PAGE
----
Roxodus Music Fest's Mike Dunphy: 'I Took Nothing'
This article has been updated since it was first published.
Faced with allegations on social media that he is responsible for last week’s sudden cancellation of the Roxodus music festival in Ontario, Mike Dunphy will break his silence on Monday.
“I will make additional information available that will clearly show I took nothing from the event,” he told iHeartRadio.ca on Sunday. Dunphy said he will share documents “clearly showing that every decision regarding expenditures were signed off by [Fab] Loranger.”
Dunphy and Loranger are the “MF” in Roxodus production company MF Live Inc., a company Loranger registered in Alberta last September. Both men live in Ontario – Dunphy in Wasaga Beach and Loranger in Niagara on the Lake.
Childhood friends, they had an ambitious plan to stage a classic rock festival for 40,000 fans on two adjoining pieces of land 90 minutes north of downtown Toronto.
With headliners like Aerosmith, Kid Rock, Nickelback and Lynyrd Skynyrd, the four-day event was scheduled to kick off July 11. Passes were sold for between $129 and $639 and camping packages were priced between $219 and $1,600.
At 8 a.m. last Wednesday morning, Loranger confirmed what was first reported by iHeartRadio.ca nearly two hours earlier – he was pulling the plug on Roxodus.
“It is with a heavy heart that we announce the cancellation of the Roxodus Music Festival this year,” read a statement. “Our team has worked tirelessly to find a solution in which the show can go on but unfortunately, we could not make it happen this year.”
The announcement was followed by silence from both Loranger and Dunphy as social media exploded with rumours and comparisons to the infamous Fyre Festival. A sentence promising information on refunds disappeared from the website.
Fueling the speculation was confirmation from the Ontario Provincial Police that it was investigating a complaint against a former employee of MF Live Inc. The OPP has not identified any suspect.
Then, in a statement issued Friday evening, Dunphy insisted he “did not sign contracts, issue cheques or control funds received from ticket sales.” He added: “I have not stolen monies as widely rumoured on social media.”
Dunphy also claimed he was not involved “with any decisions” to cancel Roxodus.
On Saturday, Loranger countered with a statement of his own, in which he said he relied on Dunphy’s expertise and advice. “We invested millions of dollars,” he said, via email. “We lost it all.”
The “we” Loranger is referring to is Taurus Investment Group Inc., a company registered in Alberta in 2013 (not to be confused with a U.S. firm with the same name) that shares a Fort Saskatchewan mailing address with Taurus Projects Group Inc., also owned by Loranger.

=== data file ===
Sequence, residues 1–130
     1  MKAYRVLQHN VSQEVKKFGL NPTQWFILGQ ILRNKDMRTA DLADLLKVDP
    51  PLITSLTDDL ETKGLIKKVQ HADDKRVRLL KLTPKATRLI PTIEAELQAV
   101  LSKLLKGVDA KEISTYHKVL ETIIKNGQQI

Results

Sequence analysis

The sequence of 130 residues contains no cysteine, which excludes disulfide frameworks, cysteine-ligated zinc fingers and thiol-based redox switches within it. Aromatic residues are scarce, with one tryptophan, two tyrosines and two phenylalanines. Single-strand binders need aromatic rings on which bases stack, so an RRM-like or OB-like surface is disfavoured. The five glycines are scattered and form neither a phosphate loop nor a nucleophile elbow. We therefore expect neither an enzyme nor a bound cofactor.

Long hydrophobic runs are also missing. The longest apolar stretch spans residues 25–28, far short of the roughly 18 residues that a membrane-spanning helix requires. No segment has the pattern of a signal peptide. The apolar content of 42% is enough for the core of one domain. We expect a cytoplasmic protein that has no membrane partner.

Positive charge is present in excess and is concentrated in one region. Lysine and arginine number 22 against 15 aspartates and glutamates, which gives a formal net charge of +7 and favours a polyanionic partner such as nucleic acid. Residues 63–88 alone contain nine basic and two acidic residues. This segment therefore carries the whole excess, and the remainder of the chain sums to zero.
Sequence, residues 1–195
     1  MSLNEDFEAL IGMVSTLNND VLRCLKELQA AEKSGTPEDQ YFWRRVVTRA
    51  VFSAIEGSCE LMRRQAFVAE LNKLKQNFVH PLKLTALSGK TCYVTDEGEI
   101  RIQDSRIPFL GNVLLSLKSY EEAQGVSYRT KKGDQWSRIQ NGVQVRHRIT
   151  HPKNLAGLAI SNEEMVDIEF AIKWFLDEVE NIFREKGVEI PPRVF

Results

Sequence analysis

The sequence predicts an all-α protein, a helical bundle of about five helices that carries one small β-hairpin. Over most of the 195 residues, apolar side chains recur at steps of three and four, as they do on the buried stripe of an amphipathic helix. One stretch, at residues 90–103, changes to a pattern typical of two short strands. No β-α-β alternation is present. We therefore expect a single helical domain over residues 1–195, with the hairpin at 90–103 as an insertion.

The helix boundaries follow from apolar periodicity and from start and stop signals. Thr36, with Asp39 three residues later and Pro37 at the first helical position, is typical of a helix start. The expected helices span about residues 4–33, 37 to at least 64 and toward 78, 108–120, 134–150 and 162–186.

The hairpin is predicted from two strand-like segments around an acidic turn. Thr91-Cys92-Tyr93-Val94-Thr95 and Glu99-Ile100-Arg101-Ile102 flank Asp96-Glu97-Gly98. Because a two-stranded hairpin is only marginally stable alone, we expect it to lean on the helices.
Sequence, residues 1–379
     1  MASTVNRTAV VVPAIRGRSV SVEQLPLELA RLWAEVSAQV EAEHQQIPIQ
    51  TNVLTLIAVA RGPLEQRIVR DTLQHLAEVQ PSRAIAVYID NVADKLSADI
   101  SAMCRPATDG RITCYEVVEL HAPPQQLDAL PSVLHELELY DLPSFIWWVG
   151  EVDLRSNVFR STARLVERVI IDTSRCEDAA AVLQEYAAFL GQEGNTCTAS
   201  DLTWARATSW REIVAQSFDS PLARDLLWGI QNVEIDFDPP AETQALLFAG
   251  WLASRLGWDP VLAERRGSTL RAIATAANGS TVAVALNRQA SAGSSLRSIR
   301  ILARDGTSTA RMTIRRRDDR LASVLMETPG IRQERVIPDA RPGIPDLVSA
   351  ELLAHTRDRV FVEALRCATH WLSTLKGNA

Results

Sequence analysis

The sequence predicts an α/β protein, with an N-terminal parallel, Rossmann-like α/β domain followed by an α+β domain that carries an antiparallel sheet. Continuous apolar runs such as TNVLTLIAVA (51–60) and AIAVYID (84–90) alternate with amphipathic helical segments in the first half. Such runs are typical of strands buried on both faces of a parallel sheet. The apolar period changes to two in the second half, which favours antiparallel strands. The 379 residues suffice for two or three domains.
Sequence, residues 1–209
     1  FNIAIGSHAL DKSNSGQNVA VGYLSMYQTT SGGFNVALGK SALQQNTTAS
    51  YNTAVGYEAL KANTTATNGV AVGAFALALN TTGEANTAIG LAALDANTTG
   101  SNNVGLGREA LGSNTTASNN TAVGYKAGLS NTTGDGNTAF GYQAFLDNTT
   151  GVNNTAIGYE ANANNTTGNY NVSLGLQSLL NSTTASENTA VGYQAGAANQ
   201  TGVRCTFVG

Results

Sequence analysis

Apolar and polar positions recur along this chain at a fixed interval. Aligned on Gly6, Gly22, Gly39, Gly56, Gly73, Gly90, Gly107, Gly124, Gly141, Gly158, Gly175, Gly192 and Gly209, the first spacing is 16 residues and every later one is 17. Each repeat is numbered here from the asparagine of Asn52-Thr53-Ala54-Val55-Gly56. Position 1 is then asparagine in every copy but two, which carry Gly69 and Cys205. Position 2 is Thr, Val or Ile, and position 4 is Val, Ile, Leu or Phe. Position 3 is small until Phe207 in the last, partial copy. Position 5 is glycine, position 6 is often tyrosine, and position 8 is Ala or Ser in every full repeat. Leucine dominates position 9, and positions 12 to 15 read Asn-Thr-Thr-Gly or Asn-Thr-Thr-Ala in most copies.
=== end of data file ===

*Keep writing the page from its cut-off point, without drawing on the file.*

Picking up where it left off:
Although Dunphy was the public face of Roxodus – he appeared in front of Clearview Township council and hyped the festival in media interviews – it was Loranger’s company that provided the financing.
Dunphy came to the venture with some baggage. He shut down Dauphin Media Group in 2012 amidst accusations of making off with an estimated $500,000 in subscription fees and allegedly stiffing its Toronto landlord.
Records show the Roxodus domain was registered by the ostensibly defunct Dauphin Media Group in October 2018, a month after MF Live Inc. was registered in Alberta.
Dunphy had also just cancelled the 2019 edition of the Wasaga Beach Motorcycle Rally.
According to a 2012 post on the SportsJournalists.com forum by someone with the user name “Huggy," Dunphy was hired by a hockey team to be its photographer and was provided with valuable camera gear.
“He proceeded to blow off our Sunday afternoon home games to go to Buffalo (with the team's camera) and shoot the Bills,” reads the post. “Or he'd decide he didn't want to make the two-hour commute from his house to our home games.”
Dunphy was fired but the team had to fight to get its photography equipment back, "Huggy” alleged.
Dunphy is also accused of ripping off suppliers and service providers involved in a professional slo-pitch tournament in Welland, Ont. that featured an appearance by singer Michael Bolton.
Tim McClure, a former VP at Starter Canada, recalled how Dunphy convinced the company to supply apparel for the weekend event with an assurance it would be paid thanks to a sponsorship deal he had with restaurant chain Swiss Chalet.
“We would find out only days prior to the event that Swiss Chalet was not a sponsor,” McClure told iHeartRadio.ca. “We had no idea if they ever were confirmed.”
McClure remembered the event, roughly 20 years ago, was a disaster. “Very little of what he claimed and promised had happened – from attendance and tickets sold, to activities and set up.